As medical personnel and public health officials are responding to the first reported cases of Ebola virus in the United States, many of the safety and treatment procedures for treating the virus and preventing its spread are being reexamined. One of the tenets for minimizing the risk of spreading the disease has been a 21-day quarantine period for individuals who might have been exposed to the virus. But a new study by Charles Haas, PhD, a professor in Drexel University’s College of Engineering, suggests that 21 days might not be enough to completely prevent spread of the virus.
Haas’s study, “On the Quarantine Period for Ebola Virus,” recently published in PLOS Currents: Outbreaks questions the basis for our knowledge about the virus, namely previous outbreaks in Africa in 1976 (Zaire) and 2000 (Uganda) as well as the first nine months of the current outbreak.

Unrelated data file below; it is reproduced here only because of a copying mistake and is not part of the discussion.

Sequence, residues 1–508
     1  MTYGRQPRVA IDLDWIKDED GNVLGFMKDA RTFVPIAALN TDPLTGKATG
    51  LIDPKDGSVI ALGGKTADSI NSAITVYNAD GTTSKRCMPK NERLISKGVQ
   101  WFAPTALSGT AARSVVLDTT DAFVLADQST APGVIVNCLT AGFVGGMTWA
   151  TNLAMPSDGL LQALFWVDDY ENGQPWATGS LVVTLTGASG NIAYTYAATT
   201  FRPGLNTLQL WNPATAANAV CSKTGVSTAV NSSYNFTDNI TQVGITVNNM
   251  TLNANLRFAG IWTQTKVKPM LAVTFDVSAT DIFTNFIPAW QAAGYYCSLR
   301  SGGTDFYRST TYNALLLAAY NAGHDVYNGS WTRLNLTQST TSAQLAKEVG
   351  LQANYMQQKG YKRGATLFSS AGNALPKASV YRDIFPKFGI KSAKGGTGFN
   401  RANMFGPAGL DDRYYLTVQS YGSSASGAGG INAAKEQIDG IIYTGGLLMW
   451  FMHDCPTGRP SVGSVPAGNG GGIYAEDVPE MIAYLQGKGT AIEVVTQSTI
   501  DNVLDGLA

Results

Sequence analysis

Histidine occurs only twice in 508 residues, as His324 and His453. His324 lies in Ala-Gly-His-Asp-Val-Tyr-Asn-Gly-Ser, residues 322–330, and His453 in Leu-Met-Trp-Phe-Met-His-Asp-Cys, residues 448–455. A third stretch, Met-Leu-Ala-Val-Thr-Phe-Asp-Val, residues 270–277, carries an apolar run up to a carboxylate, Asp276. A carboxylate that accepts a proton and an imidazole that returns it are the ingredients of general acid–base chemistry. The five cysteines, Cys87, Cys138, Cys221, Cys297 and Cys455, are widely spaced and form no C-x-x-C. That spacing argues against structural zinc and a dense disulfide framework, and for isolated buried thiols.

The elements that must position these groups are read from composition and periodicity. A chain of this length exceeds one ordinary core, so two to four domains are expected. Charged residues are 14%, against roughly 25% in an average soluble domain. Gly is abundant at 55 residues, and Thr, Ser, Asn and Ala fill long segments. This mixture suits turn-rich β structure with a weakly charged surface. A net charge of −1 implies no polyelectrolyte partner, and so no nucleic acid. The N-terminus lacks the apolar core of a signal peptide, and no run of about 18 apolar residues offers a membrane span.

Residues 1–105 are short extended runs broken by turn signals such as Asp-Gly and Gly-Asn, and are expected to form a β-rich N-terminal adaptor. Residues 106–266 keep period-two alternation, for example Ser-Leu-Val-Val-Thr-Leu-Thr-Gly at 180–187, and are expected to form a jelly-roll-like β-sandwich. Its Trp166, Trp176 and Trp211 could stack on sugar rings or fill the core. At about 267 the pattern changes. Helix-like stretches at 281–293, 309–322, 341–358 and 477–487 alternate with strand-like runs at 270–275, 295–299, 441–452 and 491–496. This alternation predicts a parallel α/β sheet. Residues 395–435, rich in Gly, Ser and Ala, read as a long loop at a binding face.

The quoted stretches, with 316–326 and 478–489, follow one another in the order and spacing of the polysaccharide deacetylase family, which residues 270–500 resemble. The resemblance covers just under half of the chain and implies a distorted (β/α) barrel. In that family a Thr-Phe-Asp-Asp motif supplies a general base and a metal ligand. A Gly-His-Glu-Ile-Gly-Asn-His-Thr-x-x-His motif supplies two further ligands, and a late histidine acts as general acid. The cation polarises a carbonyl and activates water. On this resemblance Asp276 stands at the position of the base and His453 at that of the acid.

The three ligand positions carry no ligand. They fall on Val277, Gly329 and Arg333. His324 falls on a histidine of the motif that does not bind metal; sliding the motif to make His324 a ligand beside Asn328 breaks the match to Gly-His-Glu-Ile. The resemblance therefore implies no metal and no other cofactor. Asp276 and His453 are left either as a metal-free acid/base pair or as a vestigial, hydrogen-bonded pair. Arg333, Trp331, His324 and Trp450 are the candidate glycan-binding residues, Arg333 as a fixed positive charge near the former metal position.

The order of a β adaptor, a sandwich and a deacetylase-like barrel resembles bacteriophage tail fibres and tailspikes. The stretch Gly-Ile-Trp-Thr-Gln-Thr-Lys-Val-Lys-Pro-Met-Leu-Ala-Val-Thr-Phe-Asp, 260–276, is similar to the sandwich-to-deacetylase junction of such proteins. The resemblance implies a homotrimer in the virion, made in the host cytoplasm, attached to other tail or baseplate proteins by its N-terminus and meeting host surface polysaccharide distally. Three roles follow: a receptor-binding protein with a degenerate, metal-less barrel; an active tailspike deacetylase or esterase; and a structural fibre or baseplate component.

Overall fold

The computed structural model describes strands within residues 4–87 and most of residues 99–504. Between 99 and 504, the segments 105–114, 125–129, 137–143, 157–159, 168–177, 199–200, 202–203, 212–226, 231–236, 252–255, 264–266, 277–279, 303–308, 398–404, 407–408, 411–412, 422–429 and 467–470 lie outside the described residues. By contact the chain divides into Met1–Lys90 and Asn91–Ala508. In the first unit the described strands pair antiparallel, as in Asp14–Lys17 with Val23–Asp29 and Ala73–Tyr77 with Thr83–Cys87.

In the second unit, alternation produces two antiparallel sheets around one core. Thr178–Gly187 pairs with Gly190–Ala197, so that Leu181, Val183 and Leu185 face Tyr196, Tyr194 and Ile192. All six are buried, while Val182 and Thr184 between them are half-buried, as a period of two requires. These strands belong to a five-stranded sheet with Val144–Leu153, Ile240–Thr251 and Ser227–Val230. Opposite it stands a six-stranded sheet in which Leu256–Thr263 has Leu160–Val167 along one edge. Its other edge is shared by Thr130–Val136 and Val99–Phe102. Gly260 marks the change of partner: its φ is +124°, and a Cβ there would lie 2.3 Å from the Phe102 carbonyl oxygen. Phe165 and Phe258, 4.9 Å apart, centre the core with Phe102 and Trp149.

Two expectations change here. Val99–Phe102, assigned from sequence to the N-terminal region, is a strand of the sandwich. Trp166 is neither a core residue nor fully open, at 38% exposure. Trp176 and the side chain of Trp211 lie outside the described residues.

In all cases, data gathered by the World Health Organization reported a two-to-21 day incubation period for the virus. Haas asserts that with any scientific data of this nature there is a standard deviation in results –a percentage by which they may vary. In the case of Ebola’s incubation period the range of results generated from the Zaire and Uganda data varied little. But in data from other Ebola outbreaks, in Congo in 1995 and recent reports from the outbreak in West Africa, the range of deviation is between 0.1 percent and 12 percent, according to Haas. This means, he suggests, that there could be up to a 12-percent chance that someone could be infected even after the 21-day quarantine has passed with no symptoms.
“While the 21-day quarantine value, currently used, may have arisen from reasonable interpretation of early outbreak data, this work suggests reconsideration is in order and that 21 days might not be sufficiently protective of public health,” Haas says. Read the study.Read more